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Richard M. MarshallJune 13, 2024 3:08:32 PM EDT6 min read

What makes an organization AI-ready?

AI is much more than a technology: it is a new approach to both how systems are built and how they are used. As a result, being ready to get the most out of it requires more of an organization than previous waves of technology adoption which only concerned the technologists. While enterprise applications have evolved from green screens to gray fat client apps to colorful browser experiences, the underlying functions and capabilities have remained largely unchanged. And most importantly, predictable. Users only needed a basic introduction to move between these styles of user experience and keep on working, oblivious to any underlying technological or infrastructure changes. AI changes all that. And an AI-ready organization needs both an adaptable culture and sound business foundations. 

Building an adaptable culture

While most people are talking about models, NVIDIA, risk and other implementation artifacts, the starting point is ensuring that your organization has the right culture to apply AI successfully, and that is an adaptable culture. Adaptability is built on three key attributes: openness, safety, and education. Let us look at each in turn.

Openness is a willingness to not just accept change, but to welcome it with open arms. Organizations are all too often ossified at several levels, and these strata of resistance have to be gently brought to realize that it is possible to combine the best of the old and the new. Not everyone will make that journey, and they need to be sorted into those that simply will not change because they believe they are right, while those that struggle to adapt will need training and help. Often the former group are found in the ranks of senior management who have also become detached from the everyday operations of their businesses. The latter category are more likely to be the people doing the actual work, who may lack the required education, are used to having new approaches and rules just dumped on them, and are probably concerned for their jobs. 

Safety is an essential part of openness. People need to feel safe in their workplace, not just in the standard health and safety way although that is important too, but in being able to express their opinions, raise issues and generally being able to be vulnerable. Aggressive, dominating managers and the inevitable micromanagers stop people expressing their views through fear. This is why most digital transformation programs fail: both the users and the implementers are all too often afraid to speak out about issues. We cannot allow the same to happen with AI: we need to bring everyone along with us, we are learning and discovering. A humble approach is unquestionably the best, infusing the workplace with sufficient trust that it allows people to display confident vulnerability.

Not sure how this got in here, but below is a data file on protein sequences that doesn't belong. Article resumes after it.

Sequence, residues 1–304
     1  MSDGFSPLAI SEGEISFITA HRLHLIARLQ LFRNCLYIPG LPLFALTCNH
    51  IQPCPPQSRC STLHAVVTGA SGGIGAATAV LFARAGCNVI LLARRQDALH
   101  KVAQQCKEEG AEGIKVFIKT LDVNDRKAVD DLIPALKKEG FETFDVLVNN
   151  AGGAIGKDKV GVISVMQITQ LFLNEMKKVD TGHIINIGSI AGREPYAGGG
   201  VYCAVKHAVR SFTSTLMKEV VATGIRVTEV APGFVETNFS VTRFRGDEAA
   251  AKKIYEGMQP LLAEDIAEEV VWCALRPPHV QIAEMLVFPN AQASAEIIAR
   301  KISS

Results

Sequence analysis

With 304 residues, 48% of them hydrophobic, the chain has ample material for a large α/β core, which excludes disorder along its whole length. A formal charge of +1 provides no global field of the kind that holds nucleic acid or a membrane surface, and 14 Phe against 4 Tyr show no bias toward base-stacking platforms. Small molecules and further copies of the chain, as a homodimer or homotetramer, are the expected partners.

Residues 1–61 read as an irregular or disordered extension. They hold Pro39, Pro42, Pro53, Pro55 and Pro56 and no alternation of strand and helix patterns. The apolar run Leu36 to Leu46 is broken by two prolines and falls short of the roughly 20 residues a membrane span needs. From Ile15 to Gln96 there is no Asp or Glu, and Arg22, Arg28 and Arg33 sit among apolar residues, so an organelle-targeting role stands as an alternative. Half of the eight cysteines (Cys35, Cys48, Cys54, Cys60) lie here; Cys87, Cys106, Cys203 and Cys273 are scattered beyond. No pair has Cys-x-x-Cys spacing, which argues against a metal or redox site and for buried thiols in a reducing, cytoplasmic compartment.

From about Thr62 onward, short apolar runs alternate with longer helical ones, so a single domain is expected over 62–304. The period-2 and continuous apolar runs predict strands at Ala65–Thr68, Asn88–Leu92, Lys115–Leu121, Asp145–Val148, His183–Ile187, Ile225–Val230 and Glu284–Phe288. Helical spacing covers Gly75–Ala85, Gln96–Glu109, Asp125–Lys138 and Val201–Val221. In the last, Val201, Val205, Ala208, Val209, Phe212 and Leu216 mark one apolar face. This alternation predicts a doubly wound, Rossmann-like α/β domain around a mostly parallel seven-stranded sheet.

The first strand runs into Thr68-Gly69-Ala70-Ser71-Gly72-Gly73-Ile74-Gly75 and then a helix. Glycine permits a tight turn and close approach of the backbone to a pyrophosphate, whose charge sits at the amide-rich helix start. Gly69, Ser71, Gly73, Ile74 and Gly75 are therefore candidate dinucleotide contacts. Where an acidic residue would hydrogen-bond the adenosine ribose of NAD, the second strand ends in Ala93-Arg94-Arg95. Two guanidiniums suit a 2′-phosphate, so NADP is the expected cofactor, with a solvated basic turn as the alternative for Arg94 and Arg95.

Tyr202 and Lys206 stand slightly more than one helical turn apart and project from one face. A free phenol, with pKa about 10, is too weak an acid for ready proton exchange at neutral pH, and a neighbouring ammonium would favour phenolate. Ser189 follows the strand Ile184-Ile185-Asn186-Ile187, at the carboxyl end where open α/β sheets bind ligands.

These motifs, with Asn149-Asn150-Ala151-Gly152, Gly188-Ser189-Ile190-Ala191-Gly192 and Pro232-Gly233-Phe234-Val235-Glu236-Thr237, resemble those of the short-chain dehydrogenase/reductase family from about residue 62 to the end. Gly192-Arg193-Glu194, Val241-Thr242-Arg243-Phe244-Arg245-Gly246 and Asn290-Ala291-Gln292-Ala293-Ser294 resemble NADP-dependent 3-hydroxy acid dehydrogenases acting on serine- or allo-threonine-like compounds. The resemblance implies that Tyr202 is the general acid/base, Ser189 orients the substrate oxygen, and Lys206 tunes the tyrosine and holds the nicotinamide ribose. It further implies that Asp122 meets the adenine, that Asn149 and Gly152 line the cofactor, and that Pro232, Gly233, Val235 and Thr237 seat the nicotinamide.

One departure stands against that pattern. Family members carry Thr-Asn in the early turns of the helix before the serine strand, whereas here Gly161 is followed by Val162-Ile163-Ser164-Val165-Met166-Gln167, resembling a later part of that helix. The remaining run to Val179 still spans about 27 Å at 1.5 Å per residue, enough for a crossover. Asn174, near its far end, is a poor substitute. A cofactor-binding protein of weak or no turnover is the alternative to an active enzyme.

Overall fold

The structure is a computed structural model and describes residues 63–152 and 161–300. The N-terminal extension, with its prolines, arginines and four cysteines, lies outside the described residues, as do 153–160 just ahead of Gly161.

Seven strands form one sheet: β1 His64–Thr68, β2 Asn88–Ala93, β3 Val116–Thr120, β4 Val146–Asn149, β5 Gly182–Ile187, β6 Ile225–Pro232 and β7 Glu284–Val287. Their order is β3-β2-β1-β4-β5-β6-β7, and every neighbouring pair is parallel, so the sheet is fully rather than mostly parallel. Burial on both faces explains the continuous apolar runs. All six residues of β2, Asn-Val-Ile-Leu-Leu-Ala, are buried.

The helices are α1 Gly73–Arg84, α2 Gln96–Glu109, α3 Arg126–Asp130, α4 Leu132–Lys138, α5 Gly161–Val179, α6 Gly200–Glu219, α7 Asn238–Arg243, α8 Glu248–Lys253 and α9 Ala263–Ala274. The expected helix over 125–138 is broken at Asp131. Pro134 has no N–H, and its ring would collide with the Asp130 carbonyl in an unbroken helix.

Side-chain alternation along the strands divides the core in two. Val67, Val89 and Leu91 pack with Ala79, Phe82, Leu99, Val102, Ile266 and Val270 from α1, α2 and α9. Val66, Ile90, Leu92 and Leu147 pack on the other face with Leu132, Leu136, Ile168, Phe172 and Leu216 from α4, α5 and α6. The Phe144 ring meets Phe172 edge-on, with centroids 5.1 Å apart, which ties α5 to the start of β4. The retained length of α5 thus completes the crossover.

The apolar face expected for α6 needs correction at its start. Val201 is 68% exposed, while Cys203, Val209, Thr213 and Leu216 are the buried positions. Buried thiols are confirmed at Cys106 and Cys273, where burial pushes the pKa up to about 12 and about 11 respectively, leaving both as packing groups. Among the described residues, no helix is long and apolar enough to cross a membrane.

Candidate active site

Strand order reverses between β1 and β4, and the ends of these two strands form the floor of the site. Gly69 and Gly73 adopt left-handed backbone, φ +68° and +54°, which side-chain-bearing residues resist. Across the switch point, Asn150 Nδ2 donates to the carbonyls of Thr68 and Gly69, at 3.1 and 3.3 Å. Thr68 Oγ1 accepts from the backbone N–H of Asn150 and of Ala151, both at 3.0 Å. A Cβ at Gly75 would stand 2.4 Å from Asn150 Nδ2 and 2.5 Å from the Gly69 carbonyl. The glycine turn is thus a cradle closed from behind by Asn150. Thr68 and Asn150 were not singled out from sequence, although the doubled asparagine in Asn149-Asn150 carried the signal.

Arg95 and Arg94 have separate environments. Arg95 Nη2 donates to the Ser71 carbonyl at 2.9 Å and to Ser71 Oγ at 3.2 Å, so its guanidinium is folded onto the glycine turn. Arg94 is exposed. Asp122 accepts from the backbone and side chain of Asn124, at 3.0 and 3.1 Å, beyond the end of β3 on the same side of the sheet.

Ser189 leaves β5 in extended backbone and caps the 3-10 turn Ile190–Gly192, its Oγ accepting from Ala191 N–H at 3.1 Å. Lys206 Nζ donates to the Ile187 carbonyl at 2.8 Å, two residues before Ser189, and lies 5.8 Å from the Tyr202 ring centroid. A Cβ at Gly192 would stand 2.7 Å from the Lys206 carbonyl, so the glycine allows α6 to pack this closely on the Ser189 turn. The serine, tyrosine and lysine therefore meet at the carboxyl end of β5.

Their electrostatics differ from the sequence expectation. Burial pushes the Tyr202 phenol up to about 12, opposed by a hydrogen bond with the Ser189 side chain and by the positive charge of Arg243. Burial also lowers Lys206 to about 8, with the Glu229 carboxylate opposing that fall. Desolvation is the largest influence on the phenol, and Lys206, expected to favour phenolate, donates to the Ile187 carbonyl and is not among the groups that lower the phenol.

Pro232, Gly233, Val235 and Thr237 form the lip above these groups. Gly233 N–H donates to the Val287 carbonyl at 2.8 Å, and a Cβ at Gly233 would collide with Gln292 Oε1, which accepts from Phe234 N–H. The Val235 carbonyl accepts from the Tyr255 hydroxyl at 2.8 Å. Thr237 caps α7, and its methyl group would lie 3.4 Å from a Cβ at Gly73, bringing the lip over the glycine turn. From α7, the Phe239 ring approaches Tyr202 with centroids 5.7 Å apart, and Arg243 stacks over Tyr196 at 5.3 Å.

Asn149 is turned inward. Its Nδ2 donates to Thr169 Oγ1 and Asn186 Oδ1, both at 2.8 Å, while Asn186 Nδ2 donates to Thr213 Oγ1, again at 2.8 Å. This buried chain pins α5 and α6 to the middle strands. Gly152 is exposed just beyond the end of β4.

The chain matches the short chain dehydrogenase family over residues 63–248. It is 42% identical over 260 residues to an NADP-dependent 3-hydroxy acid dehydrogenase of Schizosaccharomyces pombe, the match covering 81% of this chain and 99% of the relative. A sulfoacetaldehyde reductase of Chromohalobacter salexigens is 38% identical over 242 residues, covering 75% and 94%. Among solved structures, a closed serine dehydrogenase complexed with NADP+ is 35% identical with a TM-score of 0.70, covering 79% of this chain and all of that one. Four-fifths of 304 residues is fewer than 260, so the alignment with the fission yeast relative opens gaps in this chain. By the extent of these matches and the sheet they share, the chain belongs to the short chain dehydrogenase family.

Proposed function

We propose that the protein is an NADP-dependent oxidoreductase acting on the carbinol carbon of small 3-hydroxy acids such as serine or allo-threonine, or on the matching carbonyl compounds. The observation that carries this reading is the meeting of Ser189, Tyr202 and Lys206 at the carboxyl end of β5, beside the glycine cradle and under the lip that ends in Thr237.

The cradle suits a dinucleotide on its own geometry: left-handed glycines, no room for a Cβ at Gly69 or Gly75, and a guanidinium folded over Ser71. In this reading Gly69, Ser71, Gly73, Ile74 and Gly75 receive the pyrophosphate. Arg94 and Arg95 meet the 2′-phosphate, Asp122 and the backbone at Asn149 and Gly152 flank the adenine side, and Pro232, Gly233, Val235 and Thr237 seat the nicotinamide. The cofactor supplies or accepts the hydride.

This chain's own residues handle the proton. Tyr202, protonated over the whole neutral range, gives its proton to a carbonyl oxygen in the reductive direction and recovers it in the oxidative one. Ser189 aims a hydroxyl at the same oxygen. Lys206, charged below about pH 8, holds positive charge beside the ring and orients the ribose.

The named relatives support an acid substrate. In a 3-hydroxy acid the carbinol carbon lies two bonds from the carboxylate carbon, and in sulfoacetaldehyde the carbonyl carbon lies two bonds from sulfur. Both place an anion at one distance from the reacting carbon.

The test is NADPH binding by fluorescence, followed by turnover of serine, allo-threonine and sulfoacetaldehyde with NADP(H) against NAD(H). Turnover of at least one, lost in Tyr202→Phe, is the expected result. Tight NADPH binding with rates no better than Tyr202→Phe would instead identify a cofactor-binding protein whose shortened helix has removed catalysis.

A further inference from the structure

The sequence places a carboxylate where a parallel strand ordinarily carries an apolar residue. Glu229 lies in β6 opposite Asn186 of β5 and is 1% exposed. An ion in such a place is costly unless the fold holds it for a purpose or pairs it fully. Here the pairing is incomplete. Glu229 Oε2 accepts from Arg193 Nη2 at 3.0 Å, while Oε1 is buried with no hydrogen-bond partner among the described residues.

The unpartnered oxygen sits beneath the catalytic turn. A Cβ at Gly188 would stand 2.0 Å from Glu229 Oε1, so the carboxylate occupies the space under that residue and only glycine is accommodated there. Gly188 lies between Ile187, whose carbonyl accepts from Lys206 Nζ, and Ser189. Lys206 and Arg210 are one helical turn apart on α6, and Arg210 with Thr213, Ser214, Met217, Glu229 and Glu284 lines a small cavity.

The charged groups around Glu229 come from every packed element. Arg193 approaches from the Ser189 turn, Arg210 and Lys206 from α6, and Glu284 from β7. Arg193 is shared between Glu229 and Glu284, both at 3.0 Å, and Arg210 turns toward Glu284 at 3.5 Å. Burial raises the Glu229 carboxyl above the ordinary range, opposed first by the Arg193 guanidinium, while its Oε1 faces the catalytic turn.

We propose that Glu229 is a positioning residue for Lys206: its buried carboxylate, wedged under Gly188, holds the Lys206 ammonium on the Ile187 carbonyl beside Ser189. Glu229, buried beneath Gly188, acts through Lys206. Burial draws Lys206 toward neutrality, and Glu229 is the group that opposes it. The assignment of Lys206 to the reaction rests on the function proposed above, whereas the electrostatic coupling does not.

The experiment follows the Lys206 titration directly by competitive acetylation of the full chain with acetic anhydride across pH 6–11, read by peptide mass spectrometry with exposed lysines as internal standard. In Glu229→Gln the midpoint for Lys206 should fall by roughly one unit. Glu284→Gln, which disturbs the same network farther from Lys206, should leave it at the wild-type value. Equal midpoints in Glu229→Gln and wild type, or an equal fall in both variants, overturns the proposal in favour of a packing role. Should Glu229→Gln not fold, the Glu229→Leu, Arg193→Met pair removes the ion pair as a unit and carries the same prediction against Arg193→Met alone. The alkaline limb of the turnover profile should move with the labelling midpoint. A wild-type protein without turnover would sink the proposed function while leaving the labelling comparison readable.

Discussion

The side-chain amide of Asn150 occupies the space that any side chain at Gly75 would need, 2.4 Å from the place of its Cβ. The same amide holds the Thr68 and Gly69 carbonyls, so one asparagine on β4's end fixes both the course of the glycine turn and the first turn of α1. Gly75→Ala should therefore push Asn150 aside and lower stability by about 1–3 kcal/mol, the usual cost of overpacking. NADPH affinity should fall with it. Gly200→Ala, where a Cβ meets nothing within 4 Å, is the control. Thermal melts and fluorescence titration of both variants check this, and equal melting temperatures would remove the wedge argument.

Education is, clearly, essential at all levels of the organization. Education is critical to eliminating fear of change as it brings understanding and awareness. Where an unknown capability is forced on a group of people, be they senior managers or factory floor workers, the reaction is bound to be one of anxiety. Whether the anxiety is over redundancy, loss of status, incompetence or being doomed to irrelevance, the appropriate training can eliminate or reduce it. Many people find the unknown intensely scary, so an appropriate introduction goes a long way to resolving concerns. Neither superficial explanations of the basics nor technical deep dives are appropriate, what is required is a training targeted to specific business roles, something that we are actively building at Data Kinetic.

Your organization will not be ready to Apply AI effectively without these three pillars. And getting them right is much more difficult and time consuming than the technical aspects.

Laying solid business foundations

While we are seeking adaptability from our people, AI needs reliability and solidity from other parts of the business to ensure success. Again, I am not talking about building out expensive compute infrastructure, or signing up a basket of SaaS providers, but looking at some of the softer aspects of the business. Specifically, we need to know we can rely on the data, the processes and the portfolio of applications on which everything runs. Again, let’s look at each in turn.